EDUCATION

Prosthetic arm designed by undergrads lets girl play violin

  • Ten-year-old Isabella Nicola Cabrera smiles after playing her violin with her new prosthetic at the engineering department of George Mason University in Fairfax, Va., Thursday, April 20, 2017. "Oh my gosh, that's so much better," Isabella said as she tried out the new prosthetic. (AP Photo/Steve Helber)

    Ten-year-old Isabella Nicola Cabrera smiles after playing her violin with her new prosthetic at the engineering department of George Mason University in Fairfax, Va., Thursday, April 20, 2017. "Oh my gosh, that's so much better," Isabella said as she tried out the new prosthetic. (AP Photo/Steve Helber)  (The Associated Press)

  • A new prosthetic holds a bow as it awaits ten-year-old Isabella Nicola Cabrera at the engineering department of George Mason University in Fairfax, Va., Thursday, April 20, 2017. A group of five students designed a new prosthetic for Isabel to play the violin. (AP Photo/Steve Helber)

    A new prosthetic holds a bow as it awaits ten-year-old Isabella Nicola Cabrera at the engineering department of George Mason University in Fairfax, Va., Thursday, April 20, 2017. A group of five students designed a new prosthetic for Isabel to play the violin. (AP Photo/Steve Helber)  (The Associated Press)

  • Ten-year-old Isabella Nicola Cabrera applies rosin to her bow as prepares to play her violin with a new prosthetic at the engineering department of George Mason University in Farifax, Va., Thursday, April 20, 2017. A group of five engineering students designed a new prosthetic for Isabel to use to play the violin. (AP Photo/Steve Helber)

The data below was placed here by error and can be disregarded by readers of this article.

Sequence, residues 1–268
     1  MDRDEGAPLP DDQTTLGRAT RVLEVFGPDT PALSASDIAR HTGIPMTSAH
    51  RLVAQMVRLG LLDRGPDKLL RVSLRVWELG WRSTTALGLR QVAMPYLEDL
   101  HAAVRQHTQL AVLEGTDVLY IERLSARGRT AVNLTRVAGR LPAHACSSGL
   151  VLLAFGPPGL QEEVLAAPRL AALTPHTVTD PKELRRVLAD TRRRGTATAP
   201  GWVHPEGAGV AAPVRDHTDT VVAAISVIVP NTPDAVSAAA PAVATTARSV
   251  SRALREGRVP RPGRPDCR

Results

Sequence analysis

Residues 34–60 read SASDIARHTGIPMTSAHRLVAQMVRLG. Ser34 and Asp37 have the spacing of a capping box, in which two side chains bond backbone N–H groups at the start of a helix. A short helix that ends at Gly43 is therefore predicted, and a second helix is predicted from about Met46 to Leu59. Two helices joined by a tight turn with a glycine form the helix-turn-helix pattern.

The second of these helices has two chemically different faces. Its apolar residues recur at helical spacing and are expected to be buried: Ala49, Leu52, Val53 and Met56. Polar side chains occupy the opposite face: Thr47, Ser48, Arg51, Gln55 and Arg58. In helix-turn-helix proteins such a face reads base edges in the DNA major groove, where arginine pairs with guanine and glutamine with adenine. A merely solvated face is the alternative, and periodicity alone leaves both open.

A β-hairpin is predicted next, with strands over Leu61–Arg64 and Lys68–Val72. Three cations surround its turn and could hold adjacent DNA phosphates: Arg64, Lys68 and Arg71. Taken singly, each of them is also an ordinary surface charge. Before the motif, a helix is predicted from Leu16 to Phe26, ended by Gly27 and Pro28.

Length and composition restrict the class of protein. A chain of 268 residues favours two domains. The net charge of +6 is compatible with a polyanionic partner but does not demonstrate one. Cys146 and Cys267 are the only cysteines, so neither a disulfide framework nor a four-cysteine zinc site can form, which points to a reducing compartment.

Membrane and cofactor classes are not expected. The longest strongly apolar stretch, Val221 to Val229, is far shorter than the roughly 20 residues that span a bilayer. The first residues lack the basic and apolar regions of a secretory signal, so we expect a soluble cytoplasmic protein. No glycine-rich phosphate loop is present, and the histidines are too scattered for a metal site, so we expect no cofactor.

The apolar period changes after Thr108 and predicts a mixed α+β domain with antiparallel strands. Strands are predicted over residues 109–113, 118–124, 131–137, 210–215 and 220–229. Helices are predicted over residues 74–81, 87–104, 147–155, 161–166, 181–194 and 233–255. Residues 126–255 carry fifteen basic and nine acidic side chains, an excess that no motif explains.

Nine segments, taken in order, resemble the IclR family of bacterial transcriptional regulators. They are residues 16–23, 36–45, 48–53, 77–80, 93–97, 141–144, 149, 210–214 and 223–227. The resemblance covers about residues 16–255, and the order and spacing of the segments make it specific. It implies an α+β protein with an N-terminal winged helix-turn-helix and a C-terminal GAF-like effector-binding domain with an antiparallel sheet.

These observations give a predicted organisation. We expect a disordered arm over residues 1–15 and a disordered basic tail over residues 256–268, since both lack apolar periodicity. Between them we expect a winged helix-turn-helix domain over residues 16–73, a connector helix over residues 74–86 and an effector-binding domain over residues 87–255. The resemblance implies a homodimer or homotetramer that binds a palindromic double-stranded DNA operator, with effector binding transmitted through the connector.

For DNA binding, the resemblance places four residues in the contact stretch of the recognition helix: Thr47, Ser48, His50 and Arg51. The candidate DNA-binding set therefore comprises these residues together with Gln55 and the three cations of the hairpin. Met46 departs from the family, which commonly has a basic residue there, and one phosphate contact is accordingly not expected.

Ten-year-old Isabella Nicola Cabrera applies rosin to her bow as prepares to play her violin with a new prosthetic at the engineering department of George Mason University in Farifax, Va., Thursday, April 20, 2017. A group of five engineering students designed a new prosthetic for Isabel to use to play the violin. (AP Photo/Steve Helber)  (The Associated Press)

A 10-year-old girl born with no left hand is playing the violin, thanks to a specially designed prosthetic built by undergraduates at George Mason University.

Isabella Nicola tested out the final version of her prosthetic Thursday. A team of bioengineering students teamed up with a music instructor to make sure the attachment was comfortable and provided the range of motion for Isabella to move her bow appropriately on the strings.

The attachment was the capstone project for the team of senior bioengineering majors at Mason.

Isabella's music teacher at her elementary school had built a device for her but approached the school to see if they could come up with something better.

At Thursday's session, the team surprised Isabella with an additional attachment that let her ride a bicycle.